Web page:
This book reflects upon various dimensions and implications of the astounding fact that Christ shows us what it is to be God by the way he dies as a human being and, in so doing, simultaneously shows us what it is to be a human being. Connecting the end—“It is finished”—with the beginning—“Let us make a human being” Fr John Behr challenges us to think again about who we are, as male and female, what we are called to become, and the relation between life and death in this journey. Presented in a poetic and meditative manner, adorned by images and offset quotations, this book inclines the reader towards a meditative reading, weighing, rather than skimming, each word and image. The Very Rev. Dr John Behr is the Dean of St Vladimir’s Orthodox Theological Seminary, Professor of Patristics, and the Editor of the Popular Patristics Series. He is also the author of The Way to Nicaea, The Nicene Faith and The Mystery of Christ: Life in Death, all available from SVS Press. "In the Church we are still on the road to Emmaus," says Fr John Behr. This is just one of the many striking phrases in this short but far-sighted book. Fr John has the precious gift of expressing profound truths in simple language. I note in particular the way in which he envisages human nature in dynamic terms, not as something "given" once for all, but as an uncompleted project. I shall also remember what he says about death as a starting-point, not an end-point. The text is enhanced by the many illustrations: there is a skillful interplay between word and image. This is a book to read and re-read. ~Metropolitan Kallistos of Diokleia Learn More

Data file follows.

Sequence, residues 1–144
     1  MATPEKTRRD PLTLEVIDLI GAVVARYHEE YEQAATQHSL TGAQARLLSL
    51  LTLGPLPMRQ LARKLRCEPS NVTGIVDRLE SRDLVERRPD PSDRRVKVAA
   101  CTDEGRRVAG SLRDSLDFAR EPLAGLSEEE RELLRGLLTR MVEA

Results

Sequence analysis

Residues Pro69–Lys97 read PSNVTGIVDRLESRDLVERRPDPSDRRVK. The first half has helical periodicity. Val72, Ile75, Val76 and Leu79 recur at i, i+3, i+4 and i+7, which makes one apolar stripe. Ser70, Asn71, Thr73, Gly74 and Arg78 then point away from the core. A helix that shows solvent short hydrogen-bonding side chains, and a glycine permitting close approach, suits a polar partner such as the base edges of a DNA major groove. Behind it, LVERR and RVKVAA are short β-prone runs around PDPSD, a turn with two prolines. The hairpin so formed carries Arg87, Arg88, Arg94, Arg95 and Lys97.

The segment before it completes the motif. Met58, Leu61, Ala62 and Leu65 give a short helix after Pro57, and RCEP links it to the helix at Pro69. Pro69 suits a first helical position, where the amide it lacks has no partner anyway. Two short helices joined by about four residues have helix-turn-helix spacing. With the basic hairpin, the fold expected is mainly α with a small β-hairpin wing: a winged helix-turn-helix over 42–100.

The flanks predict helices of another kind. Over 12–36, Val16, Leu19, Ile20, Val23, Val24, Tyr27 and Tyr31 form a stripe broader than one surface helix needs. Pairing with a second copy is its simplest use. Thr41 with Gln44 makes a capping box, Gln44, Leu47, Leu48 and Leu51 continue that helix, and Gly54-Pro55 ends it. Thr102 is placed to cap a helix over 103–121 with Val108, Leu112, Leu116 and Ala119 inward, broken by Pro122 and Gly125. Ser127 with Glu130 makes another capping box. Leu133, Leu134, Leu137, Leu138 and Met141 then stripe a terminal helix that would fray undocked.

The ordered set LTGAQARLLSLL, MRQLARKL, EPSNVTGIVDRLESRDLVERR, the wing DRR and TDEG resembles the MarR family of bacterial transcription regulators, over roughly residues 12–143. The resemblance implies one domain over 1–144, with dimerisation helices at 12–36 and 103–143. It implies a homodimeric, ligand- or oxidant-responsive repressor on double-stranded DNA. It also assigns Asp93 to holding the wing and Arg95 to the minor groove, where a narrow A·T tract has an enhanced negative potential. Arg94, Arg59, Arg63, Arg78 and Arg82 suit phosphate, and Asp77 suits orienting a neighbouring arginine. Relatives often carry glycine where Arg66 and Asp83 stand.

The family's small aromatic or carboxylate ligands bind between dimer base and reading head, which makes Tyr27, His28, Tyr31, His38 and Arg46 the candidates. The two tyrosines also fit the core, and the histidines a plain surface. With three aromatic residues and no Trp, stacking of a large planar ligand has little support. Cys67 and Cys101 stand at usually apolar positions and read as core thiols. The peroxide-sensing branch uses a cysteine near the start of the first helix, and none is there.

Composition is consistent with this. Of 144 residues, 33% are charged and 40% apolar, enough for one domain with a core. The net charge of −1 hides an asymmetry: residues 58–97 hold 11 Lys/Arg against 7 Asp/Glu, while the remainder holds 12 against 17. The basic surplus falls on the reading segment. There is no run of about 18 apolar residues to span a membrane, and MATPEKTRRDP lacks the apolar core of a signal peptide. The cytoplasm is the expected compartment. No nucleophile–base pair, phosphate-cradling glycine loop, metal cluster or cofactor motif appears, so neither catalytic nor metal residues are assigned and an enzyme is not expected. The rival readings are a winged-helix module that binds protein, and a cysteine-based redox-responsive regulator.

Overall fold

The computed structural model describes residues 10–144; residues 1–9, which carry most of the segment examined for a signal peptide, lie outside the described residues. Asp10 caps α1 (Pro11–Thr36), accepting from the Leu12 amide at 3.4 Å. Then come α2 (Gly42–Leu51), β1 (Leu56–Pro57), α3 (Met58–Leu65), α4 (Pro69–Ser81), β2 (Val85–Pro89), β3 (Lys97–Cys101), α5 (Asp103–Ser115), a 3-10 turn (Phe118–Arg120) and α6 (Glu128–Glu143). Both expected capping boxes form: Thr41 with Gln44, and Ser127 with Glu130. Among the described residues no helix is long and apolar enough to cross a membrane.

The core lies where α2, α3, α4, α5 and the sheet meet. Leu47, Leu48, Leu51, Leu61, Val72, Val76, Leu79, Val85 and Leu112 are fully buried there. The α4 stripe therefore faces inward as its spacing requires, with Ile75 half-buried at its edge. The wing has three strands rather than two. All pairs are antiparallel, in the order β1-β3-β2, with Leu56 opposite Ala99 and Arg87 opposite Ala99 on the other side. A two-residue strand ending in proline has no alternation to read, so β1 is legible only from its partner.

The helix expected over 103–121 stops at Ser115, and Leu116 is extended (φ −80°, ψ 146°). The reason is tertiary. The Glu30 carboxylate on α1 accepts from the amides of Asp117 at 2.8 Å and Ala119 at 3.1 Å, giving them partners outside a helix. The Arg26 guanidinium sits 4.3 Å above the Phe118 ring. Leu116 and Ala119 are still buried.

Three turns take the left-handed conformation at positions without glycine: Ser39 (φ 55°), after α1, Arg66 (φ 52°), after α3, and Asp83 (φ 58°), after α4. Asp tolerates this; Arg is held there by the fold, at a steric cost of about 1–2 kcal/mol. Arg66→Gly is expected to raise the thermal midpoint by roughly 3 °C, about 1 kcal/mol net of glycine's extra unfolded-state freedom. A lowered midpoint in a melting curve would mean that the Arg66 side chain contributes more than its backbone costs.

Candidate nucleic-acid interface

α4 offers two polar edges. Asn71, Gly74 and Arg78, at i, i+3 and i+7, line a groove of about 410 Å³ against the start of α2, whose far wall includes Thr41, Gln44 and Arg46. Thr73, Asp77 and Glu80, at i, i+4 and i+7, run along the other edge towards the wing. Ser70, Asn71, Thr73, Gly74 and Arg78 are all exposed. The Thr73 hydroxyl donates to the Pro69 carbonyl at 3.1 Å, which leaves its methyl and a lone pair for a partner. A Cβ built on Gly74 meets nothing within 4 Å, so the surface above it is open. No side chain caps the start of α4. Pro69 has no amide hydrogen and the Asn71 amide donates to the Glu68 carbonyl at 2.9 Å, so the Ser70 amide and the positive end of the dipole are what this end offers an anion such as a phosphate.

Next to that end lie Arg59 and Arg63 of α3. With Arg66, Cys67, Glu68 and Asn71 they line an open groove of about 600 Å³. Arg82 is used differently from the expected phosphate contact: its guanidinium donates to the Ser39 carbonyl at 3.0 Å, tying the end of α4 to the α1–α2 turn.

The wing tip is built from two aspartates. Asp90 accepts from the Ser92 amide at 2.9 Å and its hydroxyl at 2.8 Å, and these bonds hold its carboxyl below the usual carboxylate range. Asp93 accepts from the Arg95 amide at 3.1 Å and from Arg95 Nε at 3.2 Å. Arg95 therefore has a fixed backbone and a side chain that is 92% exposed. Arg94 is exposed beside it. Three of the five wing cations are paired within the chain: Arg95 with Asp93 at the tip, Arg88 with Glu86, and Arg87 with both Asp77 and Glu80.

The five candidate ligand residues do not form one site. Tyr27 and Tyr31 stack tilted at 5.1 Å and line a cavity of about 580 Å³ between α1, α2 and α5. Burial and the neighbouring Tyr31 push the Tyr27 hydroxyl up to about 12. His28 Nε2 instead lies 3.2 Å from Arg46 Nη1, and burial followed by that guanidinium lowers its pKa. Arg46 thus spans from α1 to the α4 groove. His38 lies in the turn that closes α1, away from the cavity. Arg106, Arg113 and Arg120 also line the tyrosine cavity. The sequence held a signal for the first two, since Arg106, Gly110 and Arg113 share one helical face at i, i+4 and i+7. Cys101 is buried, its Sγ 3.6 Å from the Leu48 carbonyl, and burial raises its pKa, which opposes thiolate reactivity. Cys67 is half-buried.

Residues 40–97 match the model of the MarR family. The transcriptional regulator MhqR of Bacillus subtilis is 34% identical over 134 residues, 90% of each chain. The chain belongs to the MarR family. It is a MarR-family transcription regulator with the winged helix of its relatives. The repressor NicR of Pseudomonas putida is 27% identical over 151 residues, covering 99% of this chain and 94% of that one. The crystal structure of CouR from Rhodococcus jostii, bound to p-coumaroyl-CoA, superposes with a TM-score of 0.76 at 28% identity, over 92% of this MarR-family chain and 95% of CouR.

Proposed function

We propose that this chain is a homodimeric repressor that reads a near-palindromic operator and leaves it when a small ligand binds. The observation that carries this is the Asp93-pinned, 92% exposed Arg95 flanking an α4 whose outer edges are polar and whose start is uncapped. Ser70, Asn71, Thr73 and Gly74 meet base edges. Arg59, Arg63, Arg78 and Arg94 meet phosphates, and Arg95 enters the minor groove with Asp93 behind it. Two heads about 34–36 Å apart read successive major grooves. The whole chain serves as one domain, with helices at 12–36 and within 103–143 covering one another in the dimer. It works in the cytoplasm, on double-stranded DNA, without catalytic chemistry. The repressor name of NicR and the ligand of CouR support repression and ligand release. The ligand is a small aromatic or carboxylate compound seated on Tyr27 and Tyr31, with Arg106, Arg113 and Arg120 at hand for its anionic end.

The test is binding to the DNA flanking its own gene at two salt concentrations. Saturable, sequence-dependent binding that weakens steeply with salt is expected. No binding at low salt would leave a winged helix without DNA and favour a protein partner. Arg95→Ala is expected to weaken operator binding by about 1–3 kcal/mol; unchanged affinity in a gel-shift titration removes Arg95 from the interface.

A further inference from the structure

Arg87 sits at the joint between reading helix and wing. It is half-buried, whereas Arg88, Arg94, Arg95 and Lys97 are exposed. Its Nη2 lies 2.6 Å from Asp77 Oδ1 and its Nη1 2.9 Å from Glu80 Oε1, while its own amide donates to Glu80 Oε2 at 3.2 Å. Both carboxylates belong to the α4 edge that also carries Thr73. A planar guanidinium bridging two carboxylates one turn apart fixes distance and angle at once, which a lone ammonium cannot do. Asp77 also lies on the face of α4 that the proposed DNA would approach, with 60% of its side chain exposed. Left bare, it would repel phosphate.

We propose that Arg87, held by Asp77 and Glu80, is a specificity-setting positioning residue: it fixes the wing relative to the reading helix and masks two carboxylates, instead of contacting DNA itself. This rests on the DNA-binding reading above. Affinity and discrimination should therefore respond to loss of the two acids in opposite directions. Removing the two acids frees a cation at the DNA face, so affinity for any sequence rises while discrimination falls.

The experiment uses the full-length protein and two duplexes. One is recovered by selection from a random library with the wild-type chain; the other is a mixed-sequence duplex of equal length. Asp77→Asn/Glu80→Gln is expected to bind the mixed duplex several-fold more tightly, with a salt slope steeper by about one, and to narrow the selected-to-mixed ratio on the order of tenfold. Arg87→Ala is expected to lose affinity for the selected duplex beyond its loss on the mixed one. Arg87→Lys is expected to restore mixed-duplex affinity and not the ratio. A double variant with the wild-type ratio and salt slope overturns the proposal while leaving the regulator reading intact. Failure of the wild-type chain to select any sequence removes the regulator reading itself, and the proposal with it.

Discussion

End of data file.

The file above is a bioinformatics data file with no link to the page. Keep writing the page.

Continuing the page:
7. Authority in Byzantium

    Authority in Byzantium

    $138.60

    Authority is an important concept in Byzantine culture whose myriad modes of implementation helped maintain the existence of the Byzantine state across so many centuries, binding together people from different ethnic groups, in different spheres of life and activities. Learn More
  8. Icons in Time, Persons in Eternity: Orthodox Theology and the Aesthetics of the Christian Image

    Icons in Time, Persons in Eternity: Orthodox Theology and the Aesthetics of the Christian Image

    $128.80